Day of reflection a way to target the future for black Catholics

Day of reflection a way to target the future for black Catholics

Day of reflection a way to target the future for black CatholicsAIKEN—Black Catholics in South Carolina have a rich history and heritage that can only be preserved by increased focus on stewardship and encouraging young people to be more involved in their faith.

That was the dual focus of the annual Black Catholic Day of Reflection held March 13 at St. Gerard Church in Aiken. The event was sponsored by the Diocese of Charleston’s Office of Ethnic Ministries.

About 90 people attended the event which included morning Mass, group discussions, and workshops for adults and youth.

Franciscan Father Paul M. Williams, pastor of St. Martin de Porres Church in Columbia and vicar for African-American Catholics, concelebrated the Mass with Father Anthony K. Batung, administrator of St. Gerard.  

In his homily, Father Williams reflected on the reading from the Gospel of Luke (Lk 18:9-14), which is the parable of the Pharisee and the tax collector.

He said the story teaches an important lesson for society, which seems ready to look down on others and judge those who don’t confirm to certain rules or standards. Too often, he said, Catholics rush to judgment of their fellow believers.

“Righteous people will tell you how righteous they are, and will judge by what they see. They’ll say things like ‘When she knelt down, her knee didn’t touch the floor’ or ‘He made the sign of the cross too fast,’” he said.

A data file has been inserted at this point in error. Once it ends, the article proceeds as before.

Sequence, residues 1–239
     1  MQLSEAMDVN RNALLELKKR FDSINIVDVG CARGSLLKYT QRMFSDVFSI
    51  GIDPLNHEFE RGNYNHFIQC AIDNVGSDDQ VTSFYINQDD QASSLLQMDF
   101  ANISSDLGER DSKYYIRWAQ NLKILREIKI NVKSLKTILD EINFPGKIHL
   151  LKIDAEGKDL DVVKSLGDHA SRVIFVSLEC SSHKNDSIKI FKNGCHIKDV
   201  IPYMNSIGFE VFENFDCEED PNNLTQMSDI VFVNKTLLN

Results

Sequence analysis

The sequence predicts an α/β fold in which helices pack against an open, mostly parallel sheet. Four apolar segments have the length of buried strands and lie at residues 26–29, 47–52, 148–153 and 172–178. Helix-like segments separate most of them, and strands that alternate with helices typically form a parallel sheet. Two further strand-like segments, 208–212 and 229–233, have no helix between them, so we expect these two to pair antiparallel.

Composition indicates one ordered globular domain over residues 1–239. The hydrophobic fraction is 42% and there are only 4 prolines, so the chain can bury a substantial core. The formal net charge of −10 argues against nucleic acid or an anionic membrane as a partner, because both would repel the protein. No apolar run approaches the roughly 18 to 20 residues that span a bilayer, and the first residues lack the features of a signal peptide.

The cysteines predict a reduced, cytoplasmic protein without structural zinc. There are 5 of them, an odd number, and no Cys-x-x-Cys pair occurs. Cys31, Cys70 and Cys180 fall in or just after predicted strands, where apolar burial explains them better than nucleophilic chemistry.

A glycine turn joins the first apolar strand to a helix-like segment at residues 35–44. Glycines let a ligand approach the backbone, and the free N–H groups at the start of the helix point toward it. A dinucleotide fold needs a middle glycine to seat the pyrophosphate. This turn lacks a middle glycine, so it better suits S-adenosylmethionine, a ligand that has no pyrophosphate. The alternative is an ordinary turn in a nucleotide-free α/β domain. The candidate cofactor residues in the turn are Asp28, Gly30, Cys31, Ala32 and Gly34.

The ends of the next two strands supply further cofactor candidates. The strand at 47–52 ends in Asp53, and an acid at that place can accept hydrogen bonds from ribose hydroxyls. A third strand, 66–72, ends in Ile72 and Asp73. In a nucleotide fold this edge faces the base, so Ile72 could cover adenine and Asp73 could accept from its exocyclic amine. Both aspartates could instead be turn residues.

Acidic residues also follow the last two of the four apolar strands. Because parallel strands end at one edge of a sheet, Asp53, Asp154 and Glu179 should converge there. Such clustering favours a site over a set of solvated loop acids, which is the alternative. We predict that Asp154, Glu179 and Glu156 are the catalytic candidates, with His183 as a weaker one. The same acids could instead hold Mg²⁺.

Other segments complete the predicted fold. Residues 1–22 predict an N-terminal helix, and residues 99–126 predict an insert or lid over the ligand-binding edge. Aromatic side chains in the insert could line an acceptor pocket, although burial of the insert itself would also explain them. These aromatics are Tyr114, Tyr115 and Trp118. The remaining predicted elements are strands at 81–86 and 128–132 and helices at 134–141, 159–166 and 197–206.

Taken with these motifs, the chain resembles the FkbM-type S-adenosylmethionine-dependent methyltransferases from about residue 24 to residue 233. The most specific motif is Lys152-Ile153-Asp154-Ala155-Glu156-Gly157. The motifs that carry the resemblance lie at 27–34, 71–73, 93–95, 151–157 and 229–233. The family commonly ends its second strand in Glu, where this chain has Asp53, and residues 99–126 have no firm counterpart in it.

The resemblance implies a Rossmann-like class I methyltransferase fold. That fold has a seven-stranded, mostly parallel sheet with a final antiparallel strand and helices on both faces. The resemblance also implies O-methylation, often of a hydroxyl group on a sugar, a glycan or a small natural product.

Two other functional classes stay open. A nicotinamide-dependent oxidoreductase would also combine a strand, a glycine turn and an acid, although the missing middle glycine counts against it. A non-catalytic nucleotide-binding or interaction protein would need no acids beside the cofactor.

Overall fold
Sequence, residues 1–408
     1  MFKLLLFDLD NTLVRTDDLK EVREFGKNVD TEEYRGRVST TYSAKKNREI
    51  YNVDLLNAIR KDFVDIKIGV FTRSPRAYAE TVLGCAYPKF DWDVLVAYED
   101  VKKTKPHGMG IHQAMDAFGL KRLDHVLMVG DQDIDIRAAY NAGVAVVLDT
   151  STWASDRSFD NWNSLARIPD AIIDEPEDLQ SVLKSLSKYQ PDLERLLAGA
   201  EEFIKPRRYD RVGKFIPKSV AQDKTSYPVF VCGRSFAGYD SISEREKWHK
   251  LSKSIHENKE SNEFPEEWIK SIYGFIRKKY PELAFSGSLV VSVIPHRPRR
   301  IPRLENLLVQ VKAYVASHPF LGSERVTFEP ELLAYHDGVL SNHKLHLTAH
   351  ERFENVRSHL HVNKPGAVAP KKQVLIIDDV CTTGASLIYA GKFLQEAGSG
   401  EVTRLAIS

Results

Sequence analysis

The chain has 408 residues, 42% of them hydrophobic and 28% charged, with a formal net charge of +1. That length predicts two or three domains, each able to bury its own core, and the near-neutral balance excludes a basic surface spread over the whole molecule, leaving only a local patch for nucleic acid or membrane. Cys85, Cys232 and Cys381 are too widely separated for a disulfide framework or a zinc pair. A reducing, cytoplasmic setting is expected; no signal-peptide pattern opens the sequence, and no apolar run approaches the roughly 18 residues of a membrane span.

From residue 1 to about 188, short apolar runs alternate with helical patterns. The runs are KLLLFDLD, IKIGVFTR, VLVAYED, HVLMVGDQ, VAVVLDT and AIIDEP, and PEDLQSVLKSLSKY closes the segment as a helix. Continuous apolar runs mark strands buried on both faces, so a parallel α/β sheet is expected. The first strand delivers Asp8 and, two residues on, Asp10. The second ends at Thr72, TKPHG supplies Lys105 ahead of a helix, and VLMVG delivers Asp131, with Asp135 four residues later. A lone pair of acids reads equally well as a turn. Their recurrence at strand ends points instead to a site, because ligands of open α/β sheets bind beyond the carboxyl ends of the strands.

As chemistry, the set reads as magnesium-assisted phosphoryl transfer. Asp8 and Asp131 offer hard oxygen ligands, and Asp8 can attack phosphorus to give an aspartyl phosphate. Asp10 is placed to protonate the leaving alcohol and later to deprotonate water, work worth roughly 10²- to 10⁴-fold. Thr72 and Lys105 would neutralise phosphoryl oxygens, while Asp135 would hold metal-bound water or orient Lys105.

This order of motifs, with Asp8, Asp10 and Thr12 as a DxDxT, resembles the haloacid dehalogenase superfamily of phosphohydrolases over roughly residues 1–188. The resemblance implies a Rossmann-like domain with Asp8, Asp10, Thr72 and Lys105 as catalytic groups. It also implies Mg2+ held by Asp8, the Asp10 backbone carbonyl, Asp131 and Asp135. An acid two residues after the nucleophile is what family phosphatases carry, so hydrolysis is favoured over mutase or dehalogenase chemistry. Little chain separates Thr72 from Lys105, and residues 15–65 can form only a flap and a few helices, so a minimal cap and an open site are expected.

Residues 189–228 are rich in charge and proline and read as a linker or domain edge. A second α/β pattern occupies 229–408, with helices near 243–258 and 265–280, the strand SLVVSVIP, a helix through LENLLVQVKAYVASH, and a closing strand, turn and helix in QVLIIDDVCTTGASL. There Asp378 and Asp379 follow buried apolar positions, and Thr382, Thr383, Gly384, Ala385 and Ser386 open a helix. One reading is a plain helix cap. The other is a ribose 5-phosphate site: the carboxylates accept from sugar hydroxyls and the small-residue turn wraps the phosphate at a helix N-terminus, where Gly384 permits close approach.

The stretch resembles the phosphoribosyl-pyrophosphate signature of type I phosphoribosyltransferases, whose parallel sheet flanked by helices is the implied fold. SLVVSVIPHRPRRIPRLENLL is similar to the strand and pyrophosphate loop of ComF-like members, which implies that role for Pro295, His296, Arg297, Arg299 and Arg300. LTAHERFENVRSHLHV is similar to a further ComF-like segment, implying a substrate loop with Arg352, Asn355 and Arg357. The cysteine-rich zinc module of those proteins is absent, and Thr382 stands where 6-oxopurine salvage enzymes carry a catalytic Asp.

“If we are going to be authentically holy individuals, we must leave the judgment up to God,” Father Williams continued. “God reads the heart, and he knows the intent of the individual. Let us be grateful for men and women who come into the house of the Lord, and let us be gentle and kind with our brothers and sisters who have been away from the church for a long time. Let’s never do anything that would hinder their coming back to the faith of Jesus Christ.”

Sister Catherine Noecker, principal of St. Anthony of Padua School in Greenville, was honored for her work and for her golden jubilee. Franciscan Father Paul M. Williams and Kathleen Merritt presented the awardFranciscan Sister Catherine Noecker, principal of St. Anthony of Padua School in Greenville, was honored during lunch. She is celebrating her 50th jubilee. Father Williams presented her with the St. Francis Medal, an honor given by the Franciscan Friars of Holy Name Province to Franciscan priests and religious for outstanding achievement.

The priest praised her years of work at the school, which is historically African-American, and said she had faith in the school’s mission even during lean times when enrollment had fallen off dramatically.

“This school still exists because of Sister Catherine who had a dream about what it could be,” Father Williams said.

She was surprised by the honor.